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Woman runners who compete at the highest levels of the sport will soon have to contend with a new rule: the amount of testosterone in their blood must never rise above 5 nmol/L.

This decision, announced last week by the International Association of Athletics Federations (IAAF), is intended to prevent athletes from benefiting from what some see as an unfair advantage but will prevent several elite woman athletes from participating in their sport.

But what really happens is that some women will be faced with biological constraints that could be incongruous with their gender; women with a blood-testosterone level higher than the new limit must choose whether to hormone supplements to maintain a lower level of testosterone, or to compete as a man. What is intended to make sports more fair could, in fact, freeze some women out of competitions.

The organization arrived at that 5 nmol/L limit because that's three times what any woman would have naturally, the officials note, unless she had "Difference of Sexual Development." Men with lower levels of testosterone have about 1.5 times the IAAF’s new limit.

Some women are simply born with higher levels of testosterone. It can be part of a medical condition, but most of the time it's just by chance, or genetics.

The IAAF’s ruling is based on a scientific study that concluded that women with higher levels of testosterone have a natural advantage over other athletes in some events, and the IAAF argues that its new restrictions will level out the playing field of sports.

“We want athletes to be incentivized to make the huge commitment and sacrifice required to excel in the sport, and to inspire new generations to join the sport and aspire to the same excellence,” IAAF President Sebastian Coe said in a press release. Coe seems to think that women won’t want to become athletes if the playing field isn't level — that is, if they would have to compete against women with high levels of testosterone.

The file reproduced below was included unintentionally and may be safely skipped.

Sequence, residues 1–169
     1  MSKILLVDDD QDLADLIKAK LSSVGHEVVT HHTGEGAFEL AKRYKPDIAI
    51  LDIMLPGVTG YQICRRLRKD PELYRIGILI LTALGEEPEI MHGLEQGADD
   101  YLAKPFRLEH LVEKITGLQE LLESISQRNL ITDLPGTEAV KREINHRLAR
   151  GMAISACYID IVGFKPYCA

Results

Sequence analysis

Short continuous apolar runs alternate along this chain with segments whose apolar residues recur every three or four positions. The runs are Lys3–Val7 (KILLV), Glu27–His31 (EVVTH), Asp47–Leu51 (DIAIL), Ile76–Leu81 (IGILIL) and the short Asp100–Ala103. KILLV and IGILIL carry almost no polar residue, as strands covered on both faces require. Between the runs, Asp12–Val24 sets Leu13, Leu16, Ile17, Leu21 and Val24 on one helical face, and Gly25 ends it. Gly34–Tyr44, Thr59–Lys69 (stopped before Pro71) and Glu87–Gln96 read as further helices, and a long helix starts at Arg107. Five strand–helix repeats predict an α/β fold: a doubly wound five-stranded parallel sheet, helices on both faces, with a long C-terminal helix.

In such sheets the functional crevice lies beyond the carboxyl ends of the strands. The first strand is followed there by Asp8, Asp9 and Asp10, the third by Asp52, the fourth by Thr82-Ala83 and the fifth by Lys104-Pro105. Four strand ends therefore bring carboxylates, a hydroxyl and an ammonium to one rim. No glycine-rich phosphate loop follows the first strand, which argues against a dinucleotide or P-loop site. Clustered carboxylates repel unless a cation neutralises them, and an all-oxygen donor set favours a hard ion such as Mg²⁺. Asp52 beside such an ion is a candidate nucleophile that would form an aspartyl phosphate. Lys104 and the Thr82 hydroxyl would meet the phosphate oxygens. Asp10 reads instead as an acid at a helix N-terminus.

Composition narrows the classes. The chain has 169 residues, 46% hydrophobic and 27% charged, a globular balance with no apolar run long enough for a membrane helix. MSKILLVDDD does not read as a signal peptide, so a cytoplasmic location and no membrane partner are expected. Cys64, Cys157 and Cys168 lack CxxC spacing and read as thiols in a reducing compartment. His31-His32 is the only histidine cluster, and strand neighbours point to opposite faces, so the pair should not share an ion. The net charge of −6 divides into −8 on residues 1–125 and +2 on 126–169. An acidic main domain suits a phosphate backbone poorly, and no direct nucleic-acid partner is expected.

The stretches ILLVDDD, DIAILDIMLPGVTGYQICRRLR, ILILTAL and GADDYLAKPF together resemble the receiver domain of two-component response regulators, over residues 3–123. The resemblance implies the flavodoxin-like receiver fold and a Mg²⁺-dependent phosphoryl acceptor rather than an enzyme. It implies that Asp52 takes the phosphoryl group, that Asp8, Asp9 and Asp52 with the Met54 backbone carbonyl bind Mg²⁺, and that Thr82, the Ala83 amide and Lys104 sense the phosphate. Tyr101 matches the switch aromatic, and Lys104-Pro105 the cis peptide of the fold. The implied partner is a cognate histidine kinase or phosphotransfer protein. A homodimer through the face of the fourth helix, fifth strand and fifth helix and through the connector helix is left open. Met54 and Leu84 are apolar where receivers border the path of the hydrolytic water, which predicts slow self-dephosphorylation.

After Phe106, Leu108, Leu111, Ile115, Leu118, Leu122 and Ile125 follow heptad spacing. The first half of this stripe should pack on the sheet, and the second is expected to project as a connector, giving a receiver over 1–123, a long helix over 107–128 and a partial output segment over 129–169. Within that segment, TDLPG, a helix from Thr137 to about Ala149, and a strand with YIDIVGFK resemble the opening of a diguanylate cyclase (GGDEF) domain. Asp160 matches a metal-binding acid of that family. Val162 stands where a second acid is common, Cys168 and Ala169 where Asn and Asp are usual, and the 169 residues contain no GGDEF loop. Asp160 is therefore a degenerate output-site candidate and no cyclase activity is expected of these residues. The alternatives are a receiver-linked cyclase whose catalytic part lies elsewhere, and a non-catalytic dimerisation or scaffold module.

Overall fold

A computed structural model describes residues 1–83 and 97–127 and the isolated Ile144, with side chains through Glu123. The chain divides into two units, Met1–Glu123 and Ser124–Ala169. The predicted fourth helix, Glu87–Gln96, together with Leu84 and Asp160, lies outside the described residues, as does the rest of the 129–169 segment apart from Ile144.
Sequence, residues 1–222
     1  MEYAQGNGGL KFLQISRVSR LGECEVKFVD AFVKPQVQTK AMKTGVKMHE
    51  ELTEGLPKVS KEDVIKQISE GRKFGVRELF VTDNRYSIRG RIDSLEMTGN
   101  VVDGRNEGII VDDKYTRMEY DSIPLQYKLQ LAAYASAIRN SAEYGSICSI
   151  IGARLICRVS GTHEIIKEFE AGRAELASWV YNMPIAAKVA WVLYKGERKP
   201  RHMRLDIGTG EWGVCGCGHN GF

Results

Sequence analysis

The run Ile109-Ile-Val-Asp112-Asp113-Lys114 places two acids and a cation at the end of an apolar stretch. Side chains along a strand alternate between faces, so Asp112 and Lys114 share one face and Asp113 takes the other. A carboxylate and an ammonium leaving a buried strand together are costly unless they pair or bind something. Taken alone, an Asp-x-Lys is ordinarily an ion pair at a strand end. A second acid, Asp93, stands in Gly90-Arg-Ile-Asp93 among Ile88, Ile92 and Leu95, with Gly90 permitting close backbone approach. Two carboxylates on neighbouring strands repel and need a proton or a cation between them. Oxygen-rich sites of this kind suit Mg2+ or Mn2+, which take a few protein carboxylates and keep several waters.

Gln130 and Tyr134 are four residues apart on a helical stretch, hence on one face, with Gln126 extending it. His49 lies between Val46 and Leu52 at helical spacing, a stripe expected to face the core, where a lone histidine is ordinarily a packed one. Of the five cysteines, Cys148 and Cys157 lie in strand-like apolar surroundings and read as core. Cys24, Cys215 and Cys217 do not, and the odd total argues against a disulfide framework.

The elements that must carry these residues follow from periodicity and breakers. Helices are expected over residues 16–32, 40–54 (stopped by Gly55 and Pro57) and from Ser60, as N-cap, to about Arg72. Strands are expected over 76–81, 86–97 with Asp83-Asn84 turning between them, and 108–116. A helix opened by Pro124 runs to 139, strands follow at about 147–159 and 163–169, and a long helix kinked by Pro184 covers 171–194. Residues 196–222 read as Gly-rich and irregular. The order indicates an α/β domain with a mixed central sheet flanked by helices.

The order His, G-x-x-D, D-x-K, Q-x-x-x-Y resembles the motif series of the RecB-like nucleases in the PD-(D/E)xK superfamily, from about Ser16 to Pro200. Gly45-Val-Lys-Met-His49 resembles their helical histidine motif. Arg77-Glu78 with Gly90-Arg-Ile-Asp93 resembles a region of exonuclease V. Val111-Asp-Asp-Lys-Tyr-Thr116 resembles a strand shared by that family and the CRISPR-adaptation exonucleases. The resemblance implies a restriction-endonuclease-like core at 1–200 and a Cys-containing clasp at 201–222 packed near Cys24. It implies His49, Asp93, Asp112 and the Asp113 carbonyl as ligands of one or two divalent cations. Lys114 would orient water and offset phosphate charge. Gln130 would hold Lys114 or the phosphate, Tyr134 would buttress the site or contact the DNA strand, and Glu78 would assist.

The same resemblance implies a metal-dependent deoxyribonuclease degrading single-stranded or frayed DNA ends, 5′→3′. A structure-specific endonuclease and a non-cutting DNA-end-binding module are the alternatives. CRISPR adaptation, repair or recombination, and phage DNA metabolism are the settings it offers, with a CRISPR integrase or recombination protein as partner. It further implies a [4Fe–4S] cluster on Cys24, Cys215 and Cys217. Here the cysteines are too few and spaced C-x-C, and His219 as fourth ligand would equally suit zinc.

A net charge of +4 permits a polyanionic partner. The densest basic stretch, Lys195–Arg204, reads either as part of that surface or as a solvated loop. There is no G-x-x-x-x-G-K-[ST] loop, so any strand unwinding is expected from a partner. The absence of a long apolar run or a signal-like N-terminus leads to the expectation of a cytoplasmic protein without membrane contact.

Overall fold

But. BUT. The study cited by the IAAF found that testosterone had a greater effect on athlete's performance in events that won't be affected by the upcoming restrictions, WIRED reported. Plus, women's results, no matter their testosterone level, didn't vary all that much compared to the difference between men and women for the same event (a man will pretty much always run a faster mile, for example).

Ultimately, this is a pretty weird way to impose biological limitations on an athlete’s gender identity. It also likens some women's natural (albeit atypical) sexual development to doping. It's wouldn't be the first time — South African runner Caster Semenya of South Africa performed so well in the 2009 World Athletics Championships that some questioned whether she ought to be eligible to compete as a woman, so she was subjected to controversial and humiliating gender testing. Spoiler: she is eligible, though she won't be once the new IAAF rule goes into place in November.

According to the new rules, athletes like Semenya will be allowed to take estrogen hormone therapy, which comes with a number of side effects like liver damage and increased risk of breast cancer. If they want to continue in the sport to which they’ve dedicated themselves that is. This restriction would also likely prevent transgender women from competing according to their gender identity, as research suggests hormone medication only brings them down to the expected range about a quarter of the time

If the IAAF wants to truly make running fair, there are so many better ways to do it. It could improve access to athletics for disadvantaged children by sponsoring youth leagues or scholarships. It could help fight the stigma facing transgender athletes who want to compete according to their gender identity, a whole other controversy going on now.

What it should not do? Impose arbitrary limitations that will do nothing but punish incredible athletes for parts of their biology that are out of their control.

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